Cait Reilly’s High Court Victory over Workfare is a Victory for Human Decency

Today’s High Court decision to uphold Cait Reilly’s appeal over her being forced to participate in the government’s workfare scheme on pain of having her JSA stopped, is a rare victory for human decency.

Currently thousands of people up and down the country, who through no fault of their own are struggling to find employment, are suffering the indignity and coercion of workfare. It is reflective of the callous disregard for the human rights of the poor and most vulnerable in society by this government of the rich, by the rich, and for the rich.

In conjunction with the social injustice of the controversial and ongoing Atos re-assessments of people on disability, the upcoming bedroom tax designed to punish people on housing benefit, workfare will be remembered as a low point in the nation’s social history in years to come. The criminalisation of poverty and the demonisation of the unemployed and people on benefits is in itself a crime.

Cait Reilly’s victory today gives millions who are currently suffering as a direct result of the government’s attacks on benefit claimants hope, reminding them that they are not scum and that they do not have to accept being bullied, harassed, intimidated, and coerced – that they can fight back and they can win.

Bertolt Brecht once wrote that ‘Unhappy the land that is in need of heroes.’

Britain in 2013 is just such an unhappy land and Cait Reilly is indeed a hero.











The Scottish Government Should Investigate Atos

The controversy surrounding the role of French company ATOS in carrying out the government’s assessments of people on sickness and disability benefit, illustrates the barbaric and callous nature of the Tory attacks on the poor and most vulnerable section of society in response to the economic crisis.

The Scottish Daily Record is playing a lead role in highlighting the injustices being perpetrated by ATOS, but now it is time for the Scottish Government to step in and nail its colours to the mast when it comes to standing on the side of the victims of this despicable process. Joyce Drummond, a former nurse and an active socialist, worked for ATOS carrying out assessments, but resigned in protest. Her story was covered by the Daily Record back in September, and now she’s calling for the Scottish Government to carry out its own investigation.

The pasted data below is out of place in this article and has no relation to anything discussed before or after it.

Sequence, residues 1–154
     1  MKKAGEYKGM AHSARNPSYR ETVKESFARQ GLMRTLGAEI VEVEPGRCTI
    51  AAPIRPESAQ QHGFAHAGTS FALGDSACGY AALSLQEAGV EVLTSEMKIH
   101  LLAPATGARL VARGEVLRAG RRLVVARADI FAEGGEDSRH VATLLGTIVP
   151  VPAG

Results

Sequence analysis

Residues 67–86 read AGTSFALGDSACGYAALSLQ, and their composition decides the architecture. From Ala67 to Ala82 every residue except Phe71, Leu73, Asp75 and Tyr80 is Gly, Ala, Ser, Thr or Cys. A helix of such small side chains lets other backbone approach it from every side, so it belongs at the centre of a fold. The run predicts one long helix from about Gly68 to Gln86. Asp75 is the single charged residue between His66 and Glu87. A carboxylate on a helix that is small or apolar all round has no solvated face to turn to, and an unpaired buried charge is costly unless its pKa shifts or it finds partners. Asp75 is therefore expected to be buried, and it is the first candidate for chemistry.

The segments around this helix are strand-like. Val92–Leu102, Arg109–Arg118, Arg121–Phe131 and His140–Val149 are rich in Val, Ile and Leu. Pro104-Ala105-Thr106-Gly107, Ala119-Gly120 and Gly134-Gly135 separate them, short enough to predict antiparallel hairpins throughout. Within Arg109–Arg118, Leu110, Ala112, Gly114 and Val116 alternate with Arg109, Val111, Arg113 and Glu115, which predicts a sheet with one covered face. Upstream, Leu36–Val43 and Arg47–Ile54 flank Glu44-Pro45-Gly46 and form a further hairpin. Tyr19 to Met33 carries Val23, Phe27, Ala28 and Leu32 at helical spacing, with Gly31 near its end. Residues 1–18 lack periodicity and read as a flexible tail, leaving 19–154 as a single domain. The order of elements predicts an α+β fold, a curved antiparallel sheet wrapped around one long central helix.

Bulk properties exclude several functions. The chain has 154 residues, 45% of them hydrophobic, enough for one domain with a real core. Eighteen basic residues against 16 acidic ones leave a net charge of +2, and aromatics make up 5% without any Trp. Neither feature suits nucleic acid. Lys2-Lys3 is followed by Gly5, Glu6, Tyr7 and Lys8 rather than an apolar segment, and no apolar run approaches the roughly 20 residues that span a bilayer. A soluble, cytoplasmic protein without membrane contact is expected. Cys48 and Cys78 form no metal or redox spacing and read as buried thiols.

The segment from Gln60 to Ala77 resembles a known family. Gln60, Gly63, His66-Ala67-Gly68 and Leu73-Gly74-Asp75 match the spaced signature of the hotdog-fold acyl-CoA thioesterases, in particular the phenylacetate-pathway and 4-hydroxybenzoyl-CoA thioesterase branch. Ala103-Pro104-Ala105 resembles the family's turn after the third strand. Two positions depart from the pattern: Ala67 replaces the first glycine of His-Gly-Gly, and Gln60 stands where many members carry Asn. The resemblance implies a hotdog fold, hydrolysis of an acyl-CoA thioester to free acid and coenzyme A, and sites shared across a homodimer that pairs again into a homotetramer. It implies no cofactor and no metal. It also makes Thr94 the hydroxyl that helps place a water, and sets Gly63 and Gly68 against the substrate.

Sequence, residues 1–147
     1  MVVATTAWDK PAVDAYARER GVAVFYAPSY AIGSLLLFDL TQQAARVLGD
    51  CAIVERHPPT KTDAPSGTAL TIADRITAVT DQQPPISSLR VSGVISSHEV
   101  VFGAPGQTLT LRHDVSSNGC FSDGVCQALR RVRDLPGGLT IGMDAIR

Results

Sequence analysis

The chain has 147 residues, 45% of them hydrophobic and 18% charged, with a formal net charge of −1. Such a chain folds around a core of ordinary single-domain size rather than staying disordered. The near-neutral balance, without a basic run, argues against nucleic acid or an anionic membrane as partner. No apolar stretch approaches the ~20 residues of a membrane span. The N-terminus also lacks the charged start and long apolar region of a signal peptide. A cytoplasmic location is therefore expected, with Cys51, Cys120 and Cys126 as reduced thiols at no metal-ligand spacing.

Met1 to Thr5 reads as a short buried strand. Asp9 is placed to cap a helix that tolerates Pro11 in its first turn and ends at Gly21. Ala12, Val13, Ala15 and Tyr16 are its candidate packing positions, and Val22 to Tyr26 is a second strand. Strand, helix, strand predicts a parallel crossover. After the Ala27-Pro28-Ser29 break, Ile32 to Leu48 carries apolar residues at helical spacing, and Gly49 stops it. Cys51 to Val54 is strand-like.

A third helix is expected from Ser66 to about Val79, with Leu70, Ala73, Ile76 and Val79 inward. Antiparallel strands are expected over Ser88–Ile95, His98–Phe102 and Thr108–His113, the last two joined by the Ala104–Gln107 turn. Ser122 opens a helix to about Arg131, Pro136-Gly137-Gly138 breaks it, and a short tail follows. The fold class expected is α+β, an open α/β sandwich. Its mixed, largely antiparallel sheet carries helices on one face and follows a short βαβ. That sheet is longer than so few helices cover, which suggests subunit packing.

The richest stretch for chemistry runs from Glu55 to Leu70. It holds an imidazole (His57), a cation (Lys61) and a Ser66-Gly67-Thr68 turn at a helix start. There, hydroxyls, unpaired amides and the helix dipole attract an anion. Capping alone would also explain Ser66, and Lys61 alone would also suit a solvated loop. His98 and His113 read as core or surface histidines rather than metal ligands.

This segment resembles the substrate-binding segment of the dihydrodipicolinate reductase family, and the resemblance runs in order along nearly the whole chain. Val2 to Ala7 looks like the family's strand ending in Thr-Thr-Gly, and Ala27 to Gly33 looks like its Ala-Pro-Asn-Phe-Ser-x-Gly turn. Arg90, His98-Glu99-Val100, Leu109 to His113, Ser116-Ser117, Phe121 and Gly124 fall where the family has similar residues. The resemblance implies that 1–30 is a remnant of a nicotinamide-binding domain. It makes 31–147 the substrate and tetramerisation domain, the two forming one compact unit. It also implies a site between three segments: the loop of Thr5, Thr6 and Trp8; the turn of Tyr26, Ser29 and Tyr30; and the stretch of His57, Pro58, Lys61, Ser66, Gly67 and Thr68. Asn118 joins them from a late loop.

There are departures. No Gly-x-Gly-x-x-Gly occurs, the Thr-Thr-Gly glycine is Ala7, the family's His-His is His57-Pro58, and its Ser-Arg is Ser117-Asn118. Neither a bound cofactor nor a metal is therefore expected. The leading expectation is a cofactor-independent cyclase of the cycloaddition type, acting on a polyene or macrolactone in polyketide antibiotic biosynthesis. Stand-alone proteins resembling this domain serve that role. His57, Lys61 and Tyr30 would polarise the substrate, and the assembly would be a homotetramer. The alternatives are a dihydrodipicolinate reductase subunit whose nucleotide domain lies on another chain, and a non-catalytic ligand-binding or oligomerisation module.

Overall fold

Solidarity issued the following press release:


A former nurse has called on Alex Salmond and the SNP Government to establish a parliamentary inquiry into the performance of ATOS, the private company used by the Coalition Government to carry out controversial Work Capability Assessments on the sick and disabled. The results of these tests determine whether or not people continue to receive benefits or are forced to find work. The French company has received a barrage of criticism from disability campaigners, trade unions and health professionals.

ATOS has declared that over 70% of disabled people assessed in Scotland should no longer receive benefits and instead need to seek employment. The remainder of those assessed and deemed to be unfit for work are told to expect to be put through the process again as they attempt to shave millions of pounds from the welfare bill. The company’s methods however have been called into question with up to 40% of claimants having the original ATOS decision overturned on appeal. In addition, disability campaigners claim that some of the verdicts delivered by ATOS have resulted in the death of claimants forced back to work.

The Black Triangle Campaign and other disability rights activists have protested against the company, The British Pain Society have recently published a report saying that ATOS are failing chronic pain patients whilst the STUC will debate a motion at their annual congress in April calling for ATOS to be removed from the list of sponsors from the Commonwealth Games.

Joyce Drummond, a Solidarity member from Glasgow, resigned from her job after ATOS employed the former nurse to carry out assessments.

“The assessments are a farce designed to trick sick and disabled people out of benefits they are entitled to. Simply by turning up for an interview, being well dressed, pushing a pram, admitting to owning a pet or being able to complete forms would count against a claimant.”
I could not stomach the job any longer after bosses told me I was being “too nice”. All I wanted to do was help those who needed it most. I had worked for over 20 years in the Southern General Hospital and I knew sick people when I saw them. The company had no interest in my professional or clinical opinion, their only interest was in getting as many claimants as possible deemed to be fit for work.”

Joyce quit her job with ATOS but the stress she suffered as a result of her experiences has meant she has not been able to work since. The former staff nurse wants to see the Scottish Government do more to protect the vulnerable people undergoing Work Capability Assessments.